The evening meal was in progress, and the devil had already prompted Judas, the son of Simon Iscariot, to betray Jesus. Jesus knew that the Father had put all things under his power, and that he had come from God and was returning to God; so he got up from the meal, took off his outer clothing, and wrapped a towel around his waist. After that, he poured water into a basin and began to wash his disciples’ feet, drying them with the towel that was wrapped around him.


He came to Simon Peter, who said to him, “Lord, are you going to wash my feet?”

Jesus replied, “You do not realize now what I am doing, but later you will understand.”


“No,” said Peter, “you shall never wash my feet.” Jesus answered, “Unless I wash you, you have no part with me.” John 13:1-8




It is a given that one only comes to Jesus if he or she recognizes the problem isn’t “those people” but that the problem is me. We only finally make an appointment with a counselor when we come to the end of trying to fix ourselves alone. We only finally make an appointment with a doctor when our symptoms persist to the point of interfering with our daily responsibilities and activities. I am disdainful of others when I come to believe that they are my problem.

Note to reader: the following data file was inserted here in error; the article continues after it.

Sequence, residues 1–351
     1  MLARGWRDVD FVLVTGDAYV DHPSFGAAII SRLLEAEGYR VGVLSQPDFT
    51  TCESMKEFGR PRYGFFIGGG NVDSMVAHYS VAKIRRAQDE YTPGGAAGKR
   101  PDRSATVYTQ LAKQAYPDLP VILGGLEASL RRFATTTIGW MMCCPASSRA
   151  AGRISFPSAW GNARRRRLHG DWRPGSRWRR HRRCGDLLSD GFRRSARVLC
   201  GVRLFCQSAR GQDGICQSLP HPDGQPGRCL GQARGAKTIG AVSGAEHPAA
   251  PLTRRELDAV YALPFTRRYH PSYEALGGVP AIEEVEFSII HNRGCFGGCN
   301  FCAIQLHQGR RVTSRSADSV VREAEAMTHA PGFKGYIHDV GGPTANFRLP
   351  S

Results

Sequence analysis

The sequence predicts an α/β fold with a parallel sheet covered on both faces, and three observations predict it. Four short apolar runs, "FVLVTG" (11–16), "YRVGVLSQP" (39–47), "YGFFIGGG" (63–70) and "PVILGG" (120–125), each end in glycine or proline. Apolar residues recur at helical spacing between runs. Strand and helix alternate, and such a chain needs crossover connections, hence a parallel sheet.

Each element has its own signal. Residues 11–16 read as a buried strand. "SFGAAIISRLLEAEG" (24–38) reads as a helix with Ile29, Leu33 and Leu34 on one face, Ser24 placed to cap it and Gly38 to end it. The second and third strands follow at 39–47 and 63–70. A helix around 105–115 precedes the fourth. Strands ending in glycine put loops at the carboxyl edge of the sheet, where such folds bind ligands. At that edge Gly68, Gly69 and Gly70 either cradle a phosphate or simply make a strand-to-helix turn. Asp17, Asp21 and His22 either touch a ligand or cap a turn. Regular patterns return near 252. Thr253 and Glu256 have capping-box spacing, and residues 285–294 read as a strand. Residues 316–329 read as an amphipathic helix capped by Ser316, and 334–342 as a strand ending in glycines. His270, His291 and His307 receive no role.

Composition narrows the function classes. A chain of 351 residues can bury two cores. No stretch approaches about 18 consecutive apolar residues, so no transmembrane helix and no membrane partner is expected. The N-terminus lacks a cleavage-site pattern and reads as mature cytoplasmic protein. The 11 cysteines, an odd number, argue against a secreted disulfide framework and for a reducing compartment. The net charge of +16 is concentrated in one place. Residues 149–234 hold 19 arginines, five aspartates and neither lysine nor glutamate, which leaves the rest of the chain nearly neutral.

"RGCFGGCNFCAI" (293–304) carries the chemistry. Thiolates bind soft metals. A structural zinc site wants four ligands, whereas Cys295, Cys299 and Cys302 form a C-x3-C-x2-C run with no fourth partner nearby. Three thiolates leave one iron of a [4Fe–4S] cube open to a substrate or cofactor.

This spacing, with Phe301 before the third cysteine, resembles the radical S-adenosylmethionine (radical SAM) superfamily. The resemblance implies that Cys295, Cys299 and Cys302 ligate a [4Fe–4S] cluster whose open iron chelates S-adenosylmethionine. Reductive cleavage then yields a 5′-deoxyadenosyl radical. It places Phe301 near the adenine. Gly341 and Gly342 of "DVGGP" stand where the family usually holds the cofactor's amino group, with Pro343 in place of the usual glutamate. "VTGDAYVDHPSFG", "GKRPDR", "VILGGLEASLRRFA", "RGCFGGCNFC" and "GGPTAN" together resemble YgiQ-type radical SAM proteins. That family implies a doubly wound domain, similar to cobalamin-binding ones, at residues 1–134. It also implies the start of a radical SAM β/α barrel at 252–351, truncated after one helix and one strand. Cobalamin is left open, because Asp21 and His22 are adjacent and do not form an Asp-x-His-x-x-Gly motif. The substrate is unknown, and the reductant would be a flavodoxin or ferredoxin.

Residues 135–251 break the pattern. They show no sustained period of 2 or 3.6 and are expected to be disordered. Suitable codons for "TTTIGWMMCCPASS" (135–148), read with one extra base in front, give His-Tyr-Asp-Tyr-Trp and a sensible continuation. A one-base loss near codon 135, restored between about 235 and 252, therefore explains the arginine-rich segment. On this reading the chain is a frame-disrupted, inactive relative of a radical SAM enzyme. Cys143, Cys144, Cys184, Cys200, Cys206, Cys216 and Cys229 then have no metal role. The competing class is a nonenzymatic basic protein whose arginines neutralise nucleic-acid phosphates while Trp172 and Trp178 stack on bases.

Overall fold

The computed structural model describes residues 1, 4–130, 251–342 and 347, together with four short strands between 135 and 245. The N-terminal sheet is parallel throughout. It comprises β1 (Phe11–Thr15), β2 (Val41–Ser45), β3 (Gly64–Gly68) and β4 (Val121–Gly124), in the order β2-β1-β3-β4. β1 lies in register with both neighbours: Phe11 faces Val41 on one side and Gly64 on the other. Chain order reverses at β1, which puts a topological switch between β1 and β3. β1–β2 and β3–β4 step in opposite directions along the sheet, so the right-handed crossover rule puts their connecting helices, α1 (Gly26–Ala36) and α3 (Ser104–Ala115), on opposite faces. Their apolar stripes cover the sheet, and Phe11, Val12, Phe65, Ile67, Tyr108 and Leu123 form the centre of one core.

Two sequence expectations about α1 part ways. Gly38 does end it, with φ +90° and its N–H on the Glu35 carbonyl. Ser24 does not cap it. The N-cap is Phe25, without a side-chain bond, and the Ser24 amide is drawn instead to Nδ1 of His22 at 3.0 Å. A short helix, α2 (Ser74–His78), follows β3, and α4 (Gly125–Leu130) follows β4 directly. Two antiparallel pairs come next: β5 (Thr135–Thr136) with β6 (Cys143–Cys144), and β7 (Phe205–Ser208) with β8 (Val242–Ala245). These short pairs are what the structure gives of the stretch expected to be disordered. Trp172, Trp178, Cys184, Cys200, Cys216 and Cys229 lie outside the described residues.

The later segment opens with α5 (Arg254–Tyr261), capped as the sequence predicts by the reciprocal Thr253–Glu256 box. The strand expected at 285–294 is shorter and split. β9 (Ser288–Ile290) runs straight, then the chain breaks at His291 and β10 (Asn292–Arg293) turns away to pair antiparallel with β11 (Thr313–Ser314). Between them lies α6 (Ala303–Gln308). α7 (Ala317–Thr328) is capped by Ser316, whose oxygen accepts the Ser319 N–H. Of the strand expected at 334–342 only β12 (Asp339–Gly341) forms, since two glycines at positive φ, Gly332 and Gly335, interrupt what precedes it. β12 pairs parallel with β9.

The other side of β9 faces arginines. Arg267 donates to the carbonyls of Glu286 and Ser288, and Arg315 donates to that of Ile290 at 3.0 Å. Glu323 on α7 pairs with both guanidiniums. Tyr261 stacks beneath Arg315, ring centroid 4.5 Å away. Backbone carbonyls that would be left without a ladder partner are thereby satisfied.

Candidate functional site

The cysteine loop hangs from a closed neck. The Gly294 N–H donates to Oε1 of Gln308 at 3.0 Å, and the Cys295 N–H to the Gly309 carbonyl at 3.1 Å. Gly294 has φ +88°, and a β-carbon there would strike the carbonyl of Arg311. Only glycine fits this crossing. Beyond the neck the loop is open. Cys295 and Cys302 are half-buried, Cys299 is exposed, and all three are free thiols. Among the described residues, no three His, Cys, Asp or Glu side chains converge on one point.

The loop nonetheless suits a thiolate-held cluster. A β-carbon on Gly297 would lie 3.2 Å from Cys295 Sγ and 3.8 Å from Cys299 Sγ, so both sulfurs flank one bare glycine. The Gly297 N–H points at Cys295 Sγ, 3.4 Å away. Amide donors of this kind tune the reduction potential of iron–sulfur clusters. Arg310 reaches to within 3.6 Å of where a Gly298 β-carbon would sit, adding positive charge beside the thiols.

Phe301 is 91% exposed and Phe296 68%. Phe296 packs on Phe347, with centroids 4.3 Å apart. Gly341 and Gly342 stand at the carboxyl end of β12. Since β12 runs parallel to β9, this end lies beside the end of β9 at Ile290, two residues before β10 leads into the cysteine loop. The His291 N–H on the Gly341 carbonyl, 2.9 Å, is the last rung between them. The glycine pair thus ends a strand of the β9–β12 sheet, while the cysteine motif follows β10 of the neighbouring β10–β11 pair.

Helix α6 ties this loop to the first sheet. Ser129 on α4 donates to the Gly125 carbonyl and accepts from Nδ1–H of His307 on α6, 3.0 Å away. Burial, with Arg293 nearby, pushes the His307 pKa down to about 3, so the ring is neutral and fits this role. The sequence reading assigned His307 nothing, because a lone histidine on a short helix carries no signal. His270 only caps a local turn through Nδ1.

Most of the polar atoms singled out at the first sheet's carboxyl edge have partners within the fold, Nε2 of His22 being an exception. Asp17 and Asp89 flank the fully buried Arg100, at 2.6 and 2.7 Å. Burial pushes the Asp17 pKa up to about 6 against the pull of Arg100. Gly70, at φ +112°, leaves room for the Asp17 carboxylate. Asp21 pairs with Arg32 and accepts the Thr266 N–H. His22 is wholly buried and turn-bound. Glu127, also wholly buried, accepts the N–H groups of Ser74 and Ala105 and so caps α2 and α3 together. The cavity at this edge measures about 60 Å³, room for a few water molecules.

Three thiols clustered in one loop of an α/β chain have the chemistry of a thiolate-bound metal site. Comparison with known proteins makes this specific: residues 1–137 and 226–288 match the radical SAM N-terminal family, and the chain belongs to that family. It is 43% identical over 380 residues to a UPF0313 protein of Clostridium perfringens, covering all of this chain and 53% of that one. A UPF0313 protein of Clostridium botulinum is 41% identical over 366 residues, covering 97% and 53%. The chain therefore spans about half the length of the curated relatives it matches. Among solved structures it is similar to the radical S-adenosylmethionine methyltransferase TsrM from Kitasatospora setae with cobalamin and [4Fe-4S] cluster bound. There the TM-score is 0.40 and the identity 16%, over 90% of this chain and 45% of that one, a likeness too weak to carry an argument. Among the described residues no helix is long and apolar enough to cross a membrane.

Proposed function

Jesus did not flee from the lepers but embraced them in their stink, decay and contamination…and healed them. Jesus did not (and does not) humiliate or shame the arrogant or the ignorant but it is His kindness that leads them to repentance. Jesus was never in a panic when His own followers were so self-absorbed they couldn’t even understand Who it was that stood mercifully before them. He is patient, kind, gentle and compassionate. He is more interested in loving fully and restoratively than protecting His space and keeping His robes clean. As a matter of fact, He absorbs my crunchy, scratchy, muddy, malodorous, offensive, wet, drippy and injurious mess and gives me His fresh scented, bright, peaceful, joyful and genuinely loving heart in exchange. Amazing love. May I one day begin to be more passionate about the lives of those around me than preserving my own.




Jesus replied, “What is impossible with man is possible with God.” Luke 18:27